More nursing homes have been faulted for failing to follow practices designed to prevent and control infections than for any other type of error. Such lapses have become matters of heightened concern with the spread of the coronavirus this spring, especially as the virus is a bigger threat to the elderly.
Congress passed legislation Wednesday reauthorizing the Older Americans Act, which provides for home-delivered and group meals. Although proposed funding increases are substantial, they still don’t keep up with the nation’s growing senior population.
The good news: Life expectancy for people who make it to 65 has increased. Yet, coastal and urban people fare better than those in rural and middle America.
One woman’s experience with the high cost of dental care and confusing Medicare coverage offers a teachable moment for other consumers. Her small church took up a collection, but the surprise bill — four times what she expected to pay — was sent to collections.
As homelessness among older adults increases, a movement is afoot to use a powerful 3D printer to construct affordable and durable housing.
Seema Verma, administrator for the Centers for Medicare & Medicaid Services, calls on state and federal health inspectors to focus on how facilities keep infections from spreading, especially in areas that have reported coronavirus cases.
Since the beginning of 2017, inspectors have cited more nursing homes for failing to ensure that all workers follow federal prevention and control protocols than for any other type of violation, according to federal records.
In advance of the Super Tuesday primary, California’s Los Angeles County is rotating new touch-screen voting machines among 41 locations, including adult day care centers and jails, to increase voting among populations with historically low turnout.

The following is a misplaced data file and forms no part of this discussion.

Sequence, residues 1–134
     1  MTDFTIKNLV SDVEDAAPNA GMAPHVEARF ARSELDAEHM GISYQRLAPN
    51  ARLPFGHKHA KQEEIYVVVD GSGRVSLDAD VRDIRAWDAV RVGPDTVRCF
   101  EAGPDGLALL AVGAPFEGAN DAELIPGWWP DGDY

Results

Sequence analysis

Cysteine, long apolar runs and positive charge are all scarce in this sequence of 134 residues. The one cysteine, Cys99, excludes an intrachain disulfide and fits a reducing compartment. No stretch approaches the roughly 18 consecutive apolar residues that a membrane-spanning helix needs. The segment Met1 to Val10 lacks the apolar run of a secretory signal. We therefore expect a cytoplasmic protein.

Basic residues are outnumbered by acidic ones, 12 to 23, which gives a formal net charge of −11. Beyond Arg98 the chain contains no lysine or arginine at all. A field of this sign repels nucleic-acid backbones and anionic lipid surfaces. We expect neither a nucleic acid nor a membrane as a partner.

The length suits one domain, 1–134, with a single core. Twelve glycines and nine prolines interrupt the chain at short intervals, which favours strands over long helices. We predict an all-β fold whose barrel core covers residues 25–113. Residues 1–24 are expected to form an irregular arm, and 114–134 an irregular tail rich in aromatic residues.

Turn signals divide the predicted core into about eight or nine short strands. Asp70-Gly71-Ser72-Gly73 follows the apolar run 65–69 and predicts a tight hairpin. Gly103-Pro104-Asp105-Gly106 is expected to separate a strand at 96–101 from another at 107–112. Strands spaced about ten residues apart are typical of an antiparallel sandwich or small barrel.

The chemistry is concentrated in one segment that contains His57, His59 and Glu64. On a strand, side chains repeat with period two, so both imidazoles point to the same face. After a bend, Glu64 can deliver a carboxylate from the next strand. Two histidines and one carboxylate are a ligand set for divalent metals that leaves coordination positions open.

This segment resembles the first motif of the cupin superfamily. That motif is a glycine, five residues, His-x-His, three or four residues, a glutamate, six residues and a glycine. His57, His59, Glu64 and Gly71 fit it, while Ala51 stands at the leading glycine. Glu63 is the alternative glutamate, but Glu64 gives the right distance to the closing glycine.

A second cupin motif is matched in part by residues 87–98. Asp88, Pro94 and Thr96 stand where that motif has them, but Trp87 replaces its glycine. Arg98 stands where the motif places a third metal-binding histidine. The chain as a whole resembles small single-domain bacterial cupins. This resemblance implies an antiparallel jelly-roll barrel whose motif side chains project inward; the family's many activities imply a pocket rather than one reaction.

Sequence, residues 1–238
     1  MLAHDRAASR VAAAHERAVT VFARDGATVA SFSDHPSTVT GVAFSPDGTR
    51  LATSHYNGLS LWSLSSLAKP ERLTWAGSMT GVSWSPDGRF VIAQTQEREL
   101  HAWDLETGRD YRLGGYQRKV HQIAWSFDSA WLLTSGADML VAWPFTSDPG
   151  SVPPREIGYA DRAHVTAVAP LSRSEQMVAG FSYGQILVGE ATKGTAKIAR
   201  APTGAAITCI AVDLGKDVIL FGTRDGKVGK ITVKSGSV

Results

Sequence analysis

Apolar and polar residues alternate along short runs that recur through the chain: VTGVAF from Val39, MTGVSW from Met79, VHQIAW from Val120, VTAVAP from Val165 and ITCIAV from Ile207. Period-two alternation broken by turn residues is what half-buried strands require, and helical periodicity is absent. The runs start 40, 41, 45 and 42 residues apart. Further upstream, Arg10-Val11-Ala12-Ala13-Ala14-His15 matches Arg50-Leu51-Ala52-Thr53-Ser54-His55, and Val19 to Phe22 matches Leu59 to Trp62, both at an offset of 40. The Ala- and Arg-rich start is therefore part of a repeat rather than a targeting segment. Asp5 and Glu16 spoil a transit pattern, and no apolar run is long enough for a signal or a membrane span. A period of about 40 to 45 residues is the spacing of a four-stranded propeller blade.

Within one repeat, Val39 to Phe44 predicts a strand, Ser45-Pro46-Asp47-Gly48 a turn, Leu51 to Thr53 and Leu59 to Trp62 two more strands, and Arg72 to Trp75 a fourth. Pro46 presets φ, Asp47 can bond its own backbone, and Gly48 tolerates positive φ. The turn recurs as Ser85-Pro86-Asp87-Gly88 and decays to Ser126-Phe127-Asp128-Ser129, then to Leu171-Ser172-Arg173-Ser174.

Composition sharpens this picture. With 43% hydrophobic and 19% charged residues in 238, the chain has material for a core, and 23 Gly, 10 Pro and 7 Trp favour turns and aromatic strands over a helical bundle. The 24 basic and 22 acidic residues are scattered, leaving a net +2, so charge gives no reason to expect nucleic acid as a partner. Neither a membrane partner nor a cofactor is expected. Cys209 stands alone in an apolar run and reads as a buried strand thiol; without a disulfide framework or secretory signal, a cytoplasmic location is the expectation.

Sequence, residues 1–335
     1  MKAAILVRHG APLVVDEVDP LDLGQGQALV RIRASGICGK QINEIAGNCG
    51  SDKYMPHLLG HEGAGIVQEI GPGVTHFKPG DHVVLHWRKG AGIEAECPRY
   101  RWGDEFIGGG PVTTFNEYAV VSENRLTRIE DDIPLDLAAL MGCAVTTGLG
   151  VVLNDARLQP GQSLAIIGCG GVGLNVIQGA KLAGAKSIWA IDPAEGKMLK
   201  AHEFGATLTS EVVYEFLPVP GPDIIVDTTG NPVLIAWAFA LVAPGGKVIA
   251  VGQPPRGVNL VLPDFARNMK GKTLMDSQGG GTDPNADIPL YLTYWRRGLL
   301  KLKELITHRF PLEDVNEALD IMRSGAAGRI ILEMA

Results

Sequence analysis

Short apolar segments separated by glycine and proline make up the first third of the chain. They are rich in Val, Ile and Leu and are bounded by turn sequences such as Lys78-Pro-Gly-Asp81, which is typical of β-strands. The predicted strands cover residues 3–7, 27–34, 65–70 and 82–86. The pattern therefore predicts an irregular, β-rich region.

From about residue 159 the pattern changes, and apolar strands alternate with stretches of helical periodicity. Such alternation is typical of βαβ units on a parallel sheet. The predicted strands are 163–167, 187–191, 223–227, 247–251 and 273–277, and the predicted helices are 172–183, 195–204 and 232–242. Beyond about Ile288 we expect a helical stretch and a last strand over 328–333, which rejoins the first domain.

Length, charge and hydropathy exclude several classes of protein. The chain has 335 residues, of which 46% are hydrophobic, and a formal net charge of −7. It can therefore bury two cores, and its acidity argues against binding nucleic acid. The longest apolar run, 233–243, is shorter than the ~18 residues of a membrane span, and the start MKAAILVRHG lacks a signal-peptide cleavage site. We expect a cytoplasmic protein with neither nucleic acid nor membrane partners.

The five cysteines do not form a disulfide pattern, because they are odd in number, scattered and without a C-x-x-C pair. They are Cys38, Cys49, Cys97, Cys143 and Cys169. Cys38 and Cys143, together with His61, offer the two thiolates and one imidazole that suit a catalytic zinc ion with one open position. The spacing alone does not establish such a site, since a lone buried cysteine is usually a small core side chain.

The spread of coronavirus disease to a skilled nursing facility in Washington state underscores the risk the deadly new virus poses in elder care facilities, where illnesses caused by more common pathogens, like seasonal influenza, often spread rapidly.
Kaiser Health News gives readers a chance to comment on a recent batch of stories.
Health care experts thought the battle was won against heart disease, measles, smoking, STDs and other life-threatening conditions and behaviors. Better think again.
Because seniors are at higher risk of cognitive impairment, proponents say screening asymptomatic older adults is an important strategy to identify people who may be developing dementia and to improve their care. But the U.S. Preventive Services Task Force cited insufficient evidence the tests are helpful.
A recent cardiac health dust-up between former New York City Mayor Mike Bloomberg and Sen. Bernie Sanders, both vying for the Democratic presidential nomination, focuses attention on this question.
For those worried they have an elevated risk of Alzheimer’s and other forms of dementia, testing is an option. But words to the wise: It’s hardly foolproof and could even backfire by heightening your fear of memory loss.
For Alzheimer’s patients and their caregivers, social and emotional isolation is a threat. But hundreds of “Memory Cafes” around the country offer them a chance to be with others who understand, and to receive social and cognitive stimulation in the process.
Scores of organs — mostly kidneys — are trashed each year and many more become critically delayed while being shipped on commercial airliners, a new investigation finds.
If you’re told Medicare’s home health benefits have changed, don’t believe it: Coverage rules haven’t been altered and people are still entitled to the same types of services. All that has changed is how Medicare pays agencies.
Medicare has changed how it pays for services. In response, agencies across the country are firing therapists, limiting physical, occupational and speech therapy, and terminating services for some longtime, severely ill patients.
Neil Mahoney had terminal cancer. He also had a legal right to aid-in-dying. But his faith-based hospital called it “morally unacceptable.” So he turned to a network of Colorado doctors to fulfill his last wish.
Fewer Americans are dying in a hospital, under the close supervision of doctors and nurses. That trend has been boosted by an expanded Medicare benefit that helps people live out their final days at home in hospice care. But as home hospice grows, so has the burden on families left to provide much of the care.